Commentary: Should we treat high LDL cholesterol in ‘healthy’ elderly individuals?

Europe is an increasingly elderly society. In 2019, 14% of individuals in the European Union member countries were aged 65-79 years and about 6% were aged 80 years or more; over the next 20 years, the proportion aged at least 80 years is anticipated to more than double.1 This is highly relevant in the context of prevention strategies aimed at reducing the burden of atherosclerotic cardiovascular disease (ASCVD).

One of the major risk factors for ASCVD is low-density lipoprotein cholesterol (LDL-C).2,3 Yet, when to start, continue, or stop LDL-C lowering treatment in the elderly has been a recurring concern for clinicians. This uncertainty has persisted as the elderly are generally underrepresented in cardiovascular outcome trials.

The 2019 European Society of Cardiology/European Atherosclerosis Society (ESC/EAS) guidelines recommend treating elevated LDL-C in high-risk and very-high-risk individuals over 75 years but are more cautious in recommendations for those at lower-risk without ASCVD, reflecting the current evidence-base.4 Support for the use of statins in the elderly with ASCVD is conclusive, including findings from a meta-analysis of 28 trials by the Cholesterol Treatment Trialists’ Collaboration (CTTC), 5a retrospective analysis of the Catalan primary care database,6 and a meta-analysis of patients aged >65 years in 23 trials.7 In contrast, the CTTC meta-analysis showed no significant benefit from LDL-C lowering with a statin in older patients who were asymptomatic (i.e. primary prevention).5

Achieving the stringent LDL-C treatment targets for high-risk and very-high-risk patients usually involves the use of combination LDL-lowering therapy. This poses a key question: Do elderly secondary prevention patients with elevated LDL-C gain similarly from statin, either alone or in combination with non-statin therapy? While several subgroup analyses from randomized controlled trials of non-statin therapeutic approaches suggest benefit,8-12 further evaluation is needed.

This uncertainty was addressed in the latest meta-analysis from the CTTC.13 This was the largest to date, involving 21,492 individuals aged ≥75 years, predominantly with manifest ASCVD, in 29 trials of statin (54.7%, n=11,750), ezetimibe (28.9%, n=6,209), or PCSK9 inhibitor therapy (16.4%, n=3,533).13 Over a median follow-up of 2.2-6.0 years, treatment with an LDL-C lowering agent reduced the risk of major vascular events by 26% per 1.0 mmol/L decrease in LDL-C, with no significant difference compared with that observed in younger individuals. Importantly, the magnitude of clinical benefit per 1.0 mmol/L decrement in LDL-C levels did not differ significantly between statin and non-statin therapy. Incidentally, supplementary analyses showed no benefit from LDL-C lowering in elderly individuals without manifest vascular disease.13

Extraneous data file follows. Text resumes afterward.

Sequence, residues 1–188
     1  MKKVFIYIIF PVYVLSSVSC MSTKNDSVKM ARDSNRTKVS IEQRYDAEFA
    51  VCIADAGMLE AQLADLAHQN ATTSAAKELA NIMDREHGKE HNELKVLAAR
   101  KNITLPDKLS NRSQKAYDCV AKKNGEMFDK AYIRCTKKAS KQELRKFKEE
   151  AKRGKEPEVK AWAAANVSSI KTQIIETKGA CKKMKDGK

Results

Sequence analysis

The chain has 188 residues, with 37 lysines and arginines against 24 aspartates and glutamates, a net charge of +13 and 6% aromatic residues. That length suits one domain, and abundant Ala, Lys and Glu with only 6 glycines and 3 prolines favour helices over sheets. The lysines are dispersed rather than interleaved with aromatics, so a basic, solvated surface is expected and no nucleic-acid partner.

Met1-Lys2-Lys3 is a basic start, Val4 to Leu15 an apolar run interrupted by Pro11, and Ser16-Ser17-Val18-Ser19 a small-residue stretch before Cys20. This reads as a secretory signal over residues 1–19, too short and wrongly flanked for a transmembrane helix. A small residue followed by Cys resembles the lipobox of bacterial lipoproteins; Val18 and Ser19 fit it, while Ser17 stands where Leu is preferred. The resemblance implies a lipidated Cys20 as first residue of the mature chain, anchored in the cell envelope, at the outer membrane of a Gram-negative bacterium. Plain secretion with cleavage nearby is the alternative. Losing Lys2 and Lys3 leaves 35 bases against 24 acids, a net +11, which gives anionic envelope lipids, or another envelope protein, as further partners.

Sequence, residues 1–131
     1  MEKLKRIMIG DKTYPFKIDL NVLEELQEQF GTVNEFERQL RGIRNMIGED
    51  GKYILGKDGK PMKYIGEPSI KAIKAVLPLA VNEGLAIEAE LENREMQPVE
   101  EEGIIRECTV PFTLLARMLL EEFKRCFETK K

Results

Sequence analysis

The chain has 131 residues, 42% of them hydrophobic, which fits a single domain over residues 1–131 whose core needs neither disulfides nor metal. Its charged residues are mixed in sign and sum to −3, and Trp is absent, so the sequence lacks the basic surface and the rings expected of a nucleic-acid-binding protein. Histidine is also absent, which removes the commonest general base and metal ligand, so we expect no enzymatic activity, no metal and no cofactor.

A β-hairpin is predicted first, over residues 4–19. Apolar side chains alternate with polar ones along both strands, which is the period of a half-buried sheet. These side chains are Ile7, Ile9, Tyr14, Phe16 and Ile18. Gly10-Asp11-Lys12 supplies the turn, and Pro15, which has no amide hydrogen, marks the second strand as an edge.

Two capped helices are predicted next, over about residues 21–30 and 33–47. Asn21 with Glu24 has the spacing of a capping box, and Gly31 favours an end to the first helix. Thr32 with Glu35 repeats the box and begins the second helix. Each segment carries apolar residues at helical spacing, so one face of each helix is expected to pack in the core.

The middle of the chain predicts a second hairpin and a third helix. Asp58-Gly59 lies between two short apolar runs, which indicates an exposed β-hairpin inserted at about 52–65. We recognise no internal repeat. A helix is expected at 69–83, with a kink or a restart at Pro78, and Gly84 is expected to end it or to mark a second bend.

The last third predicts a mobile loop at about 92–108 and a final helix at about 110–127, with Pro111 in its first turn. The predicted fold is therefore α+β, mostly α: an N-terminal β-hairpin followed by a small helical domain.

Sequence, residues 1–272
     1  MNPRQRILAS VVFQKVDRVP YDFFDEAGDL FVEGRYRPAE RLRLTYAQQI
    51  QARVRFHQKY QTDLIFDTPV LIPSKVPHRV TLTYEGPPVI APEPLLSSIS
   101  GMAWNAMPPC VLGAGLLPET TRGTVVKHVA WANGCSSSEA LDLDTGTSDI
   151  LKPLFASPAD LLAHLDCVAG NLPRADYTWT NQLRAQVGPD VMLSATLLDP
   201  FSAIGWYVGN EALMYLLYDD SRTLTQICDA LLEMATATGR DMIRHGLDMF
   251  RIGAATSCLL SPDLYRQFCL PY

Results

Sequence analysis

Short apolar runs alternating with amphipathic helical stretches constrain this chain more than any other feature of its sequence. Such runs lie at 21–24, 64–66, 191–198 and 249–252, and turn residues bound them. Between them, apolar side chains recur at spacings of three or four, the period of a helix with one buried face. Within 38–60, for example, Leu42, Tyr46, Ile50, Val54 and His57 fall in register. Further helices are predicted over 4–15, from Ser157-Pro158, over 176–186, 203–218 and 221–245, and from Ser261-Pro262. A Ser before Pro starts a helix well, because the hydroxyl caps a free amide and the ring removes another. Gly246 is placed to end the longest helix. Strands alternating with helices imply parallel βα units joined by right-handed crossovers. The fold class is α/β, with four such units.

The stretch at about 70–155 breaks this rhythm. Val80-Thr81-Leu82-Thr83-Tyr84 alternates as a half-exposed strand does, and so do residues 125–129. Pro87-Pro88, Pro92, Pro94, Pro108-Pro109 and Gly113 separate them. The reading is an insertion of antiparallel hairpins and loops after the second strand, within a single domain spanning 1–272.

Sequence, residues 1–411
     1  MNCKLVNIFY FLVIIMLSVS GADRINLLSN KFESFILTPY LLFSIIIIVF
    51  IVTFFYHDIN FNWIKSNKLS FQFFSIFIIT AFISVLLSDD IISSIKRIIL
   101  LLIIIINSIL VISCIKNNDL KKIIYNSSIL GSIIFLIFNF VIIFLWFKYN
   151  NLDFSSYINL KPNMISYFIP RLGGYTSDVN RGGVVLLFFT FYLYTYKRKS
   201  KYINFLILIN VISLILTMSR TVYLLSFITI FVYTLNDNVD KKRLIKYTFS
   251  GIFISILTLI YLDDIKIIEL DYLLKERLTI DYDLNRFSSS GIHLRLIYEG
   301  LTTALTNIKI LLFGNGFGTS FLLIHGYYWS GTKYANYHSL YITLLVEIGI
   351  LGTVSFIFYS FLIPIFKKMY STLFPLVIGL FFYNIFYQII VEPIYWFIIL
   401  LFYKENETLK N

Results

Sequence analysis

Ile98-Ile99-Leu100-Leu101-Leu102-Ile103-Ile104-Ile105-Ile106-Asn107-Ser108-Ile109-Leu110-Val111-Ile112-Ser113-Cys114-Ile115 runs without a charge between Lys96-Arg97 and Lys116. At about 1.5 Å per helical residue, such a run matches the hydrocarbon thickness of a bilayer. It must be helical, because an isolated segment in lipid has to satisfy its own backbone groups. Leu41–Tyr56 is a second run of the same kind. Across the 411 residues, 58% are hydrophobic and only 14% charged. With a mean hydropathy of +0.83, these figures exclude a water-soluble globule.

There was also no evidence to indicate safety concerns with statin or non-statin therapy in the elderly, with no increase in the risk of cancer, or the risk of haemorrhagic stroke, new-onset diabetes or neurocognitive effects with non-statin therapy, compared with younger individuals.13 Other studies, such as the Patient and Provider Assessment of Lipid Management (PALM) registry, also report that LDL-C lowering treatment was similarly well tolerated in older and younger adults.14

Returning to the question of LDL-C lowering therapy in elderly primary prevention patients, Danish investigators evaluated the association between LDL-C and ASCVD risk in over 90,000 individuals in the Copenhagen General Population Study, a contemporary primary prevention population.15 The analysis specifically selected ‘healthy’ elderly individuals who were not on lipid lowering therapy and did not have ASCVD or diabetes at baseline. Overall, 15% – or one in six- were aged 70 years or more, and 3% were 80 years or older.

Across all age groups (from those aged 20-49 years to 80-100 years), there was a consistent increase in the relative risk of myocardial infarction or ASCVD per 1.0 mmol/L increase in LDL-C. However, the absolute risk was accentuated in those aged 70 years or more, compared with younger individuals, resulting in a much lower number needed to treat (NNT) to prevent one event.15 Based on their findings, the authors make a case for identifying and treating elevated LDL-C in elderly primary prevention patients.

Take home messages